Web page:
London

'Licence plated' bees released to find top London spot

Bee with a tag Image copyright Queen Mary University
Image caption Biologists hope to find out where the bees' favourite locations are in London

Hundreds of bees fitted with "licence plates" are to be released from a London rooftop.

They have been fitted with individual coloured number tags on their backs.

Queen Mary University biologists hope the project will establish what are bees' preferred patches in which to pollinate in London.

Five hundred bees will be released on Tuesday, followed by several hundred more each week over the coming month as bee colonies mature.

It is hoped people will be able to spot the bees, then enter photographs of them into a competition to find the best picture, highest number of bees spotted and most bee-friendly garden.

Once the bees are released, the researchers will be able to see how successful urban gardening efforts have been.

Image copyright Queen Mary University
Image caption Nature lovers can win a £100 voucher in a competition for the best photographs of the insects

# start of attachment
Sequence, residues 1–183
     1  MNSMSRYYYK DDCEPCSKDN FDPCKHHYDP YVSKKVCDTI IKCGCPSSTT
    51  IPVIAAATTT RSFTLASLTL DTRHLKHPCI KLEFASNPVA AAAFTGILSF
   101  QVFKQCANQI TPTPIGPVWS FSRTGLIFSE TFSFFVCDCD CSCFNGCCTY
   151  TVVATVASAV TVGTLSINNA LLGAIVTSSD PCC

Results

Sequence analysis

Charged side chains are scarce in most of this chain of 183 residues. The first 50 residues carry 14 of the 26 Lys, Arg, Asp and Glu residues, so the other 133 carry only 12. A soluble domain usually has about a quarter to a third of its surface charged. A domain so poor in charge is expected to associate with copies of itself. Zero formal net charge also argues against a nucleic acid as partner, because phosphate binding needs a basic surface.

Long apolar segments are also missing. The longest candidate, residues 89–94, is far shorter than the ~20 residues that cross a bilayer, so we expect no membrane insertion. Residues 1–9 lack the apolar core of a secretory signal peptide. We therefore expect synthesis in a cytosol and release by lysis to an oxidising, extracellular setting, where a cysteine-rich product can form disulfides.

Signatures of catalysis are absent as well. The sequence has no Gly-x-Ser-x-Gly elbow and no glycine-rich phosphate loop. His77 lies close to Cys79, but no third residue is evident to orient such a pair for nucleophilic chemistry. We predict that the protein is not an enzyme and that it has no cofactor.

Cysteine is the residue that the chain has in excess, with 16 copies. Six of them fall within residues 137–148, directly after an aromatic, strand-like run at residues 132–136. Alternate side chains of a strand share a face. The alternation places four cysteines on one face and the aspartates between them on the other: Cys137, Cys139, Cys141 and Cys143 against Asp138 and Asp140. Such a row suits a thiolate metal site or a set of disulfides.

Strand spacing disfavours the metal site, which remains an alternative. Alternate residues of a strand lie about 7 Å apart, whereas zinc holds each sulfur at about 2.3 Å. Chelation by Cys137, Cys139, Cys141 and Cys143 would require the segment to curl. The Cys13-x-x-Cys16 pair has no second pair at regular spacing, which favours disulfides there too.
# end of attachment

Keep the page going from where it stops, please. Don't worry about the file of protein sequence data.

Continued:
Project leader Prof Lars Chittka from the School of Biological and Chemical Sciences said: "The fact that the bees have individual 'licence plates' will allow anyone interested to develop their own science project, and ask scientific questions about the behaviour of bees.

"For example, citizen scientists might be intrigued to see the same bee return to their balcony and might record when during the day, how many times and which flowers they prefer.

"They may be curious about what these regular visits tell us about a bee's memory for places and why certain bees prefer particular colour flowers."

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